On a list of the world's highest-grossing tours of last year, you'll find a lot of familiar names: U2, Taylor Swift, Lady Gaga. And then, at No. 9, is an outlier: Andre Rieu, Dutch violinist and conductor of the Johann Strauss Orchestra.
In the course of the last 25 years, Rieu's efforts to popularize classical music — particularly the waltzes that Strauss made famous in the 19th century — have made him one of the the most commercially successful classical artists in history. His latest release is an album and DVD of Christmas music called Home for the Holidays. Here, he discusses it, along with his beginnings as a musician and his home life in a Dutch castle, with NPR's Guy Raz.
On waltz music
"My father was a conductor, and [his concerts included] all sorts of classical music. And then, during the encores, he loved to play Strauss waltzes. I was in the audience when I was a little boy, and what I saw during these concerts [was] that the audience was very concentrated and stiff, you know? Nobody dared to move when he played his classical music. But then, during his encores, the whole audience around me started to move, and to hum, and to dance, and to smile, and it was a completely different audience. And that struck me: I thought, 'My God, this is what I want to do.' "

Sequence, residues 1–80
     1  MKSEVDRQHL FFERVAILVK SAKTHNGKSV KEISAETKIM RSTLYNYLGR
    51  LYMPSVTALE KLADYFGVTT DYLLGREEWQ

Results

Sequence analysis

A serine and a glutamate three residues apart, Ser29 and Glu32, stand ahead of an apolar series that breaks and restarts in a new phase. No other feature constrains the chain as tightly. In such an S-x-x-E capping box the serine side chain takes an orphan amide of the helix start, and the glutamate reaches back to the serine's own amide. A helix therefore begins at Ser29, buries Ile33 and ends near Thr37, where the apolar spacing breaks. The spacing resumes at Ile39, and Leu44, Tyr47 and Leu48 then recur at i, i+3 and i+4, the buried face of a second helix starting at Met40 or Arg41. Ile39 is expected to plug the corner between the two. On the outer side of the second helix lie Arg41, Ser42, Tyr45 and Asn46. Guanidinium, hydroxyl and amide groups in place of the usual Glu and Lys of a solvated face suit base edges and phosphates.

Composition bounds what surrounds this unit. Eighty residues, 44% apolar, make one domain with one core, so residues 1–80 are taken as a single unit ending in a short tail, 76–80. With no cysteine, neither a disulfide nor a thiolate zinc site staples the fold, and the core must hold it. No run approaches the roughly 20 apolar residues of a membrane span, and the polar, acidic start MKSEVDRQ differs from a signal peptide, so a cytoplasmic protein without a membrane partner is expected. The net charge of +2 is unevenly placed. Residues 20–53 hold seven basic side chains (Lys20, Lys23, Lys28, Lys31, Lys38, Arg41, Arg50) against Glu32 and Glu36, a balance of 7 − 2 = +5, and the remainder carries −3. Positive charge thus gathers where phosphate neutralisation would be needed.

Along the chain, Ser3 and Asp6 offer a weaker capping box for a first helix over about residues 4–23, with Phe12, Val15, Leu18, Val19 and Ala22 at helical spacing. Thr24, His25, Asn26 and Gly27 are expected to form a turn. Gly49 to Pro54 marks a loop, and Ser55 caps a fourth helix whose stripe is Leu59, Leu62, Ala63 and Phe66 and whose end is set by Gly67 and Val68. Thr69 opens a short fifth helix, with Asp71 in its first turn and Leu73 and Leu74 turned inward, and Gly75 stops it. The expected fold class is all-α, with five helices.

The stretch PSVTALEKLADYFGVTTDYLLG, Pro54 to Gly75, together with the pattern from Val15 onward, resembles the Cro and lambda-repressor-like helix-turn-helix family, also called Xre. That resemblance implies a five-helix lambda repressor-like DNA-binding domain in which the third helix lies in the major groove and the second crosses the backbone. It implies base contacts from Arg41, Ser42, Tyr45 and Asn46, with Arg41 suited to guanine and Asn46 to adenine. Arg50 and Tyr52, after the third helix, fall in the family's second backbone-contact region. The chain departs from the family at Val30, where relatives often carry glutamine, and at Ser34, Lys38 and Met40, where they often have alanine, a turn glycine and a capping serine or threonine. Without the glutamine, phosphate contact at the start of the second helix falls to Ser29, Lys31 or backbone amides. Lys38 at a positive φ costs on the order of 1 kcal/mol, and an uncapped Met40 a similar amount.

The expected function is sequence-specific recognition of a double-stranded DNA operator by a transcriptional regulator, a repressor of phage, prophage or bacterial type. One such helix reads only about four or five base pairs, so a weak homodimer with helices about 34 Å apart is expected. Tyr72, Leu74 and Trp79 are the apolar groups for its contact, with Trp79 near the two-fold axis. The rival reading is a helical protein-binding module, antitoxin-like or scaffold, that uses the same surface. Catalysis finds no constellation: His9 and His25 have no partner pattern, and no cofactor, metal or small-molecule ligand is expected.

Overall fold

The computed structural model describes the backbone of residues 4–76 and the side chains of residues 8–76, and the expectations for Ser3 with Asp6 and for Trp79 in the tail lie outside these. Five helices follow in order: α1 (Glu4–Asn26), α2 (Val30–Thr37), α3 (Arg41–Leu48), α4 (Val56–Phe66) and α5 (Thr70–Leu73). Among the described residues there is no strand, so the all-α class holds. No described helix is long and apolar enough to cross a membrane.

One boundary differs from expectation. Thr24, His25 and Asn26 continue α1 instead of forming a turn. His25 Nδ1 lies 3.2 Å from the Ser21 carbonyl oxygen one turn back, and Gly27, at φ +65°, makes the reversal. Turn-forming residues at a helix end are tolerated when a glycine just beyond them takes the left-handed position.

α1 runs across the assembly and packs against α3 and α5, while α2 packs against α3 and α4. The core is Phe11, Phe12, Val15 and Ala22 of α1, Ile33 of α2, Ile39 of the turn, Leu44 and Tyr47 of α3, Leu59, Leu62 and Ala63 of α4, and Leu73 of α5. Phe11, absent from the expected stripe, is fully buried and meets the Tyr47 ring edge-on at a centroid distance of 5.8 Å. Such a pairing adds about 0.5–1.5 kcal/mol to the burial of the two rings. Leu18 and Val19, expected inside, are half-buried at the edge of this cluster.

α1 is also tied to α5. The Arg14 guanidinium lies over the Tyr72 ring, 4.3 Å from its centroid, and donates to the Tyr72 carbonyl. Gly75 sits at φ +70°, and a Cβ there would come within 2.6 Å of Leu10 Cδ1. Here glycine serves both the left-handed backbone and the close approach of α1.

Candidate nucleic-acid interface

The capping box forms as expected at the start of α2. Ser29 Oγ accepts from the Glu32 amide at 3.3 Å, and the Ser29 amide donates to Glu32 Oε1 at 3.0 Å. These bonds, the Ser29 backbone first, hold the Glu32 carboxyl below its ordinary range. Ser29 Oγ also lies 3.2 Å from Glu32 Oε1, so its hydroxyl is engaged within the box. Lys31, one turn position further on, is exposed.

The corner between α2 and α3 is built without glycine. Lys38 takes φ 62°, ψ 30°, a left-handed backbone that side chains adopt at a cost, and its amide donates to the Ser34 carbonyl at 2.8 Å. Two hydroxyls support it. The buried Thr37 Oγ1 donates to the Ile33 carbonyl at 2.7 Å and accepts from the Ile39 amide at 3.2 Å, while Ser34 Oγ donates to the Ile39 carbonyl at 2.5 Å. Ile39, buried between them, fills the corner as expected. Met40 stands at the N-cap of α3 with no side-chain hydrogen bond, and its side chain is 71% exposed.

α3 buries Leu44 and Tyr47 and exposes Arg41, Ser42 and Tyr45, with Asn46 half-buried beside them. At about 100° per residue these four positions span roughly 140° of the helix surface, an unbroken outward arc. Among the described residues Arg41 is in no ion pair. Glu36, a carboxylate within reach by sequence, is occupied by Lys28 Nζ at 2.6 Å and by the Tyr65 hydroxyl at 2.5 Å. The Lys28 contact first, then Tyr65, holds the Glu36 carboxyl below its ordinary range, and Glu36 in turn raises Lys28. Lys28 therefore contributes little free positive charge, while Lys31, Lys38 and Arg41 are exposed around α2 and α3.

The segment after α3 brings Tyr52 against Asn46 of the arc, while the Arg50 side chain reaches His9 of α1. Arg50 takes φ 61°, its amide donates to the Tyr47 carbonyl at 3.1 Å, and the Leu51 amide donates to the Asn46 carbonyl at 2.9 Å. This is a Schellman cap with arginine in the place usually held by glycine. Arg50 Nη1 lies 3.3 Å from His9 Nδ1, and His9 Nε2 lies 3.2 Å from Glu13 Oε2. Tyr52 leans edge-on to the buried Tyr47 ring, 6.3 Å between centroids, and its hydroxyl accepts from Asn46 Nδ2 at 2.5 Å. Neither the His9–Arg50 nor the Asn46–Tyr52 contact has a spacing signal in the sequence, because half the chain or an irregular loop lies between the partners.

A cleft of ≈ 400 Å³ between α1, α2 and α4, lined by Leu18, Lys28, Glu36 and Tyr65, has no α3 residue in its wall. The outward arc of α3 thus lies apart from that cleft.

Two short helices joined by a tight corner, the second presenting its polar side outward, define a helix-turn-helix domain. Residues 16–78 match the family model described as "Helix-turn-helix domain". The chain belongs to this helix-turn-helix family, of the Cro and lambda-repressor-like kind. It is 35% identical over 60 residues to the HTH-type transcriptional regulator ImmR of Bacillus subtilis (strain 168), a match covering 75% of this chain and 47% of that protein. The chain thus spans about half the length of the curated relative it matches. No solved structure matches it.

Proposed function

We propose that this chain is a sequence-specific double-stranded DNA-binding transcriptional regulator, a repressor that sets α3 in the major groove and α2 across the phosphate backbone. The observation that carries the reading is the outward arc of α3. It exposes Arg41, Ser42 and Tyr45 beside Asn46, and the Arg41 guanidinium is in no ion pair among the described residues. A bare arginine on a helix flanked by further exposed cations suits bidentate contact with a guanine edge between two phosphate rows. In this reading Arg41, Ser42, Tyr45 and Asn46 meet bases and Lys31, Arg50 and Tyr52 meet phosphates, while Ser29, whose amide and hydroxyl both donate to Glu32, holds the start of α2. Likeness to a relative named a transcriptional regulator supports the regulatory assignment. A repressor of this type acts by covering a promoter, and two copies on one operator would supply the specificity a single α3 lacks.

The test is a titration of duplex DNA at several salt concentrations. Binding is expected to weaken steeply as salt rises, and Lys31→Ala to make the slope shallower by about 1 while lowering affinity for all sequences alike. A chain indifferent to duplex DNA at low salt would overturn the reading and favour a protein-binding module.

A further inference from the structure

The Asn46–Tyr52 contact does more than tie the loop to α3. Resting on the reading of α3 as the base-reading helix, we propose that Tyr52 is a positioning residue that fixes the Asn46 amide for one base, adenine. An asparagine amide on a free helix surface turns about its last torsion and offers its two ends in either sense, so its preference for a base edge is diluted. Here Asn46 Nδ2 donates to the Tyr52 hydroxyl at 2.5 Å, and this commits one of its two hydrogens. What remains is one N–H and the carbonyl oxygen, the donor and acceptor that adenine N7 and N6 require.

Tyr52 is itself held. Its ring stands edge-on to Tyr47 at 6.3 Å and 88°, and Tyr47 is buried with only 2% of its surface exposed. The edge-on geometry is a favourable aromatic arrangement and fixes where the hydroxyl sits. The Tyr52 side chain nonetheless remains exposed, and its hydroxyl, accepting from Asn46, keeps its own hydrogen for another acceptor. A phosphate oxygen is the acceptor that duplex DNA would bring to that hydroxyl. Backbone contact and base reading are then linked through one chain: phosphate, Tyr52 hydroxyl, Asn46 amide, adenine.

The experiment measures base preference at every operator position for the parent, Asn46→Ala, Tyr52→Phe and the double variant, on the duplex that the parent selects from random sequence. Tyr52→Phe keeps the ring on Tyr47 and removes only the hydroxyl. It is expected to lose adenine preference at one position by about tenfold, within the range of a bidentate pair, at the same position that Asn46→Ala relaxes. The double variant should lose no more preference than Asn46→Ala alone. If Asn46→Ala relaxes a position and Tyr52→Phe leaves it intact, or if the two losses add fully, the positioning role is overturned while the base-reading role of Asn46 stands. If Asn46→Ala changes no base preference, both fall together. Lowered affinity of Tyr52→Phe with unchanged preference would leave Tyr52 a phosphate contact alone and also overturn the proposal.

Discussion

On building his orchestra
"I choose musicians who want to make music not for money, and not because they want to have more [vacation] or whatever. No, because they love to be on stage together with other musicians and to make music. And that's, of course, in that way also we play the waltzes. I was so angry when I was in a symphony orchestra myself. ... All my colleagues were speaking only about the union, and 'We want more money,' and 'It's too cold here,' and 'When is the holiday?' Nobody spoke about, 'Oh my god, the concert yesterday was so beautiful' — never."
On living in his hometown in the Netherlands
"I met [my wife] here in Maastricht, and I was born here, I was married here, I have my children here. It's nice to live here in the castle. We have an airport 10 minutes from home. ... People always ask me, 'Why don't you move to New York or London?' And they'll be in traffic every day for two to three hours. You know, when I go to my studio at the other side of the city, it's 10 minutes when my driver drives and three minutes when [I drive]. So it's a luxury."